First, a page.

Effects of standardization on the evolution of information and communications technology

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Date: July 2018
Publisher: Elsevier B.V.
Document Type: Report
Length: 334 words

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Abstract :

To access, purchase, authenticate, or subscribe to the full-text of this article, please visit this link: http://dx.doi.org/10.1016/j.techfore.2018.02.016 Byline: Won Sang Lee [uraah@yonsei.ac.kr], So Young Sohn [sohns@yonsei.ac.kr] (*) Keywords Technology standardization; Technological evolution; Triadic patent; ICT; Polynomial distributed lag model Highlights * We examined the associations between standardization and evolution of ICT industry. * ICT evolution was regressed on the polynomial time lagged number of ICT standards. * The diversity of ICT mostly increased as the number of standards increased in ICT. * ICT openness or concentration was not related with the number of standards in ICT. * Findings support that technology standards can offset the claimed lock-in effects. Abstract Many studies have suggested that standardization inhibits technological change via lock-in effects. However, the negative side of standardization has been overemphasized because of insufficient empirical evidence. On the basis of the standard and triadic patents registered during 1977--2010, this study examines the associations between standardization and technological evolution in the information and communications technology (ICT) industry. We apply the annual International Patent Classification co-occurrence network to Telecommunications, Computers & Machinery, Consumer electronics, and Other ICTs to measure technological evolution with respect to diversity, openness, and concentration. Consequently, we regressed each aspect of technological evolution against the polynomial distributed lag number of the registered ICT standards per annum. The findings suggest different degrees of associations between standardization and technological diversity, openness, and concentration across each area. We observed that technological diversity increases with technology standardization in telecommunication and consumer electronics. In addition, there is a long time-lag effect on technological diversity in Computer & Machinery. Conversely, negative associations with diversity were observed in Other ICT. No significant associations were found between technology standardization and openness or concentration. These findings support the positive side of technology standards, which can offset the claimed lock-in effects. Author Affiliation: Department of Information and Industrial Engineering, Yonsei University, 134 Shinchon-dong, Seoul, Republic of Korea * Corresponding author. Article History: Received 23 January 2016; Revised 15 November 2017; Accepted 12 January 2018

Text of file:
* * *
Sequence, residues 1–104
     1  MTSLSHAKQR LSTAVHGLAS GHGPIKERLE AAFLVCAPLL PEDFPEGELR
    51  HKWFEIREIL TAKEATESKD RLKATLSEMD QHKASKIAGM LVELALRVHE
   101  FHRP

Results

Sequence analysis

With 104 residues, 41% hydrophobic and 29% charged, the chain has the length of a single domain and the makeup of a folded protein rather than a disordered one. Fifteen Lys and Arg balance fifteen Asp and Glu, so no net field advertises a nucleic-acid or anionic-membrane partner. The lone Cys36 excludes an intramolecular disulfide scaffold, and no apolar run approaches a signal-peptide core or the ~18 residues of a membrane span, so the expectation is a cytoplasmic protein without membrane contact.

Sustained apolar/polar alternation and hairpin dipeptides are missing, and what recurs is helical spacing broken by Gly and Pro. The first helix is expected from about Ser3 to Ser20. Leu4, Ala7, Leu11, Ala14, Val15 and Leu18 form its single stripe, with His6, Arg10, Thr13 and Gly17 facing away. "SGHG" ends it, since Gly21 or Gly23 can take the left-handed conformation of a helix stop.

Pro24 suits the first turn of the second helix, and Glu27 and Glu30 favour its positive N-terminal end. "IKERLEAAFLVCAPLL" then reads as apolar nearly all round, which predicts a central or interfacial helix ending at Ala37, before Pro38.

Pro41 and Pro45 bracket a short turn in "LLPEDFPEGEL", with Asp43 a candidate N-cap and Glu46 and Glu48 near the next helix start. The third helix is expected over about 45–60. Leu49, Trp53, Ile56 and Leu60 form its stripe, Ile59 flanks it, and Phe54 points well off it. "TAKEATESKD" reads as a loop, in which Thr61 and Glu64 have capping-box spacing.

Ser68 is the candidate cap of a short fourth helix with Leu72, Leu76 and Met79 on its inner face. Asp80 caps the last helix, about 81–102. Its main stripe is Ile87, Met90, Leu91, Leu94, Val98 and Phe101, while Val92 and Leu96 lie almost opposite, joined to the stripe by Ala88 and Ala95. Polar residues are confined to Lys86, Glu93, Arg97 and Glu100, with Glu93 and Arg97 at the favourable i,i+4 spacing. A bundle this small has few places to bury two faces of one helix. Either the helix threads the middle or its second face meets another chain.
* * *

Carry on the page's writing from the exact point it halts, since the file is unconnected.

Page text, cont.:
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Gale Document Number: GALE|A536492908